So, the efficient performance of power carving tools relies upon high RPM. Unfortunately high RPM brings with it some inherent problems. For instance Centrifugal forces that attempt to pull an object traveling in a fixed rotational path away from the center of rotation. As the rotational speed of a tool increases centrifugal force acts to throw it’s mass outwards. Once this force exceeds the tensile strength of the tools weakest part the tool will deform. In practice this usually means the cutters shaft will bend.

In order for a rotary cutter to work efficiently it must spin accurately around it’s axis, resisting deformation by centrifugal force. Doing so means that each cutting tooth will strike the surface of the work equally. This means our tool cuts ‘smoothly’, it means the cut face is neat and clean, the tool will last a long time and our power tool will not be put under undue stress.
Of course it’s not possible to create a tool that has perfectly balanced mass when spinning around it’s axis. Although for all practical purposes we can make tools that work very well within our operating parameters there are tolerances, and this is where our problems really begin. As a tool rotates it’s effective mass increases with speed, it gets heavier. Any imbalance in the tool is magnified and any deflection in the tools axis is magnified. Once this reaches a critical point, again, our tool will bend. Tools that do not rotate evenly create much higher sideways forces and so are more likely to become deformed.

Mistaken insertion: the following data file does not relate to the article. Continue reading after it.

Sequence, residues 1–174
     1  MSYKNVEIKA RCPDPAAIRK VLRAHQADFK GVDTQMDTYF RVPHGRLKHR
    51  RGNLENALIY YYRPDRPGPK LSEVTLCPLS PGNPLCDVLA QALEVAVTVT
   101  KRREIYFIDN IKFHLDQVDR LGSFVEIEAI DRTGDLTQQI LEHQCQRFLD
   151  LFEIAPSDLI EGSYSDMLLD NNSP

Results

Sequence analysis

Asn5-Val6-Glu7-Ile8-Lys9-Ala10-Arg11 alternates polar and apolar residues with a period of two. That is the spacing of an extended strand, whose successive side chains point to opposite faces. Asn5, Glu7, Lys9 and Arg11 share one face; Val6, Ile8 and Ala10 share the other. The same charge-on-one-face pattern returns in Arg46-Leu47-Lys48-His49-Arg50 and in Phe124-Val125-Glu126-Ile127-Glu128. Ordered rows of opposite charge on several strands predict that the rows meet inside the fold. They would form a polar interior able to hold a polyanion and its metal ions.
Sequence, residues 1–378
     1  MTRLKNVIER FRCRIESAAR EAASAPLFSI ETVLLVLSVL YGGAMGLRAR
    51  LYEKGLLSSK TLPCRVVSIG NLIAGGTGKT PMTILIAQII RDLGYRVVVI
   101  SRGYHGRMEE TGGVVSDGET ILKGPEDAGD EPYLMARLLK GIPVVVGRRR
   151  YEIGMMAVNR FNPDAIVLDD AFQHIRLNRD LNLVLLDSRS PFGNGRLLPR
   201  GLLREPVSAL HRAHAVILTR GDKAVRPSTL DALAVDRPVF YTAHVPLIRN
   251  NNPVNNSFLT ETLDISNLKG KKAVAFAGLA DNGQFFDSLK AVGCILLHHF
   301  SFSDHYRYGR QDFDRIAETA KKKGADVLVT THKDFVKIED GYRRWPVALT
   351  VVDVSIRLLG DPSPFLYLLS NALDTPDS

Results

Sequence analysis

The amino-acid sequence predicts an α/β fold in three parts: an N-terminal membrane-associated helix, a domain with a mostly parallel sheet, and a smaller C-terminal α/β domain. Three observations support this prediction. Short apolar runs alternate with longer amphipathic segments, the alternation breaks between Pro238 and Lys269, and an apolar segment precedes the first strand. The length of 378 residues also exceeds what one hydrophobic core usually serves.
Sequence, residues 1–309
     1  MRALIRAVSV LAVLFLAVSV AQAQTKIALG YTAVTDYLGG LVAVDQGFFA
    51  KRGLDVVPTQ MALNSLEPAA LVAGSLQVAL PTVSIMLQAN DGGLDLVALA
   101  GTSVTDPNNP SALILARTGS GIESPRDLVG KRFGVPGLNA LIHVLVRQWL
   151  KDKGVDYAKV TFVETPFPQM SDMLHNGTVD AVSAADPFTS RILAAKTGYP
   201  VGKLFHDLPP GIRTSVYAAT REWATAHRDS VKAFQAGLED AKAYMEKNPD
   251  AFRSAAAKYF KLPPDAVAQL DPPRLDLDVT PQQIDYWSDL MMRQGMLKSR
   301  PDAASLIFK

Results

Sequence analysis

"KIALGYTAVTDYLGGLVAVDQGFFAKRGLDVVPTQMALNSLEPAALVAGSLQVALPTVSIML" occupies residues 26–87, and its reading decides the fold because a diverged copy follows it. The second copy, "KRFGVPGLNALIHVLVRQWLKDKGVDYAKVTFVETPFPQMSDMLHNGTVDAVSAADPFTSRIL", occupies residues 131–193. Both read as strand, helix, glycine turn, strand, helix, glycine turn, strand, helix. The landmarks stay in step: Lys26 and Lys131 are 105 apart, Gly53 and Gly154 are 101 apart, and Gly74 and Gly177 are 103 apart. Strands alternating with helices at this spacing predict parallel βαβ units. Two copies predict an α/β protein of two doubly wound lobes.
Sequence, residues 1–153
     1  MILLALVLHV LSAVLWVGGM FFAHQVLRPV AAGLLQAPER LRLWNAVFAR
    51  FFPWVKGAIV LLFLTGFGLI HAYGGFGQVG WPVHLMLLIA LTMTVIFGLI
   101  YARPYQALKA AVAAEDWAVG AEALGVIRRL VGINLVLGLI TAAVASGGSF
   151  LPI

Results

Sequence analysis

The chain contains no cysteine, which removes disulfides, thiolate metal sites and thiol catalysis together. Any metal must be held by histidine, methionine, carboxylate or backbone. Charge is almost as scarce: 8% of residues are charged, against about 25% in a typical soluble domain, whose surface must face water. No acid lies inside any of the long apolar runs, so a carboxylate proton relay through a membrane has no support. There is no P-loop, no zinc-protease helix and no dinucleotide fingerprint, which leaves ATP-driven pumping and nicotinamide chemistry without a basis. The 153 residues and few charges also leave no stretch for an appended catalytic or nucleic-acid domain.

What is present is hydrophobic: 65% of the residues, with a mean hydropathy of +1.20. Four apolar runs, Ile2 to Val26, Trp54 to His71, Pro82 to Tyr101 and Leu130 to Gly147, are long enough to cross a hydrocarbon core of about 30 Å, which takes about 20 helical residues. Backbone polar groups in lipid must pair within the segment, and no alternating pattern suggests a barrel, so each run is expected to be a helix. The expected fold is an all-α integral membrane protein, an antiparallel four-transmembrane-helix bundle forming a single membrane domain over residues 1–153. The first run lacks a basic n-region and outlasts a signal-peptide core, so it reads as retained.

No matter how good the quality of your power tool it’s output shaft will have a small degree of ‘run out’. That is, the degree of tolerance from a perfectly true rotating axis. The further you get from the tools bearings the larger the run out. That’s why it’s not possible to make very long high speed cutting bits. Because of the relatively large run out at their end they would bend very quickly.

Most of this is of little concern if you have purchased good quality tools from responsible manufacturers. But mis-using a tool can be very dangerous and the term ‘mis-use’ is not as self explanatory as it appears. Mounting a tool incorrectly constitutes mis-use and so does running a tool in a worn out machine. So here are my recommendations ….

Never use a machine with worn or noisy bearings or a worn casing or worn motor bearings. Even one or two thousandth of an inch run out at the machine will make a big difference to the mounted cutter.

Never use a worn collet, retaining nut or output shaft.

Always use the correct size collet for your cutter. This is particularly relevant where larger shaft tools are concerned and is the main source of tool failures I have seen. Remember a ¼” is not 6mm (it’s 6.35mm). A quarter inch shaft cannot be safely mounted in a 6mm collet. A 6mm shaft can be inserted into a ¼” collet but the run out will be excessive.

Only ever mount high speed cutters using collets NEVER EVER mount them in a 3 jaw chuck (fitted to some Dremels) The clamping force of a chuck is not sufficient to hold high speed tools in place and they are also very inaccurate and will cause excessive run out.

Always tighten the securing nut fully. If the securing nut is not pulled up sufficiently the tool may rotate in the collet. This will wear the collet, the tool and the output shaft of the machine and will cause excess run out.

Never use distorted tools, these will generate excessive side forces on the machines bearings that will wear out much more quickly.